Connecting with the world through DIY: one man's chronicle
By Nick Olivari
NEW YORK (Reuters Life!) - A lament that products stopped coming with instructions, a diagram and replaceable parts sent one man on a do-it-yourself regimen that connected him to the wider world and his own unexplored talents.
"Made by Hand, Searching for Meaning in a Throwaway World" by Mark Frauenfelder, is the author's chronicle of a year spent getting to know himself, his family and the world around him through a variety of do-it-yourself projects.
Frauenfelder, who is also editor in chief of Make magazine, suggests that society lost its way when the average person can no longer make their own repairs and just throws out the old and buys a new one.
"It used to be that consumers fed, clothed and educated themselves," said Frauenfelder, 49. "Do-it-yourself is a deeper level of engagement with the world as an active creator."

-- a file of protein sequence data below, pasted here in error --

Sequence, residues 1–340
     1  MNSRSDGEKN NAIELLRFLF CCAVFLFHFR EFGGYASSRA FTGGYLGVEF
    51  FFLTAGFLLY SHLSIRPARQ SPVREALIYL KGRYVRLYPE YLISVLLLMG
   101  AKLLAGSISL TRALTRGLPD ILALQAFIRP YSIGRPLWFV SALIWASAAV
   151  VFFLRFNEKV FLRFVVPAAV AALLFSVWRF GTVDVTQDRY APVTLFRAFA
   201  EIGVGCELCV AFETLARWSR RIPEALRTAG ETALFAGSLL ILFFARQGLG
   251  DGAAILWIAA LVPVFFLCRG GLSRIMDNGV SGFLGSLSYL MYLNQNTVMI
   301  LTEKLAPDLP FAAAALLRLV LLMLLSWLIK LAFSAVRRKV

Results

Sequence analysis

Deciding to take the alternative road for himself, he finds fulfillment by keeping chickens and bees, modifying his espresso machine, whittling wooden spoons, making guitars out of cigar boxes, and doing citizen science with his daughters in the garage. He also tried and failed to help his eldest child with math.
Though his wife is not so enamored with everything he does, he lives for the moments of recognition from her of a job well done.
"Do-it-yourself has changed me," Frauenfelder said. "It's opened me up to the idea that making things is a way to challenge and reward myself."
Frauenfelder admits he's not a great carpenter, plumber or any other tradesman. He learns as he goes by heavily researching online, technology making his own odyssey easier, and meeting an assortment of characters with names like Mr. Jalopy. Continued...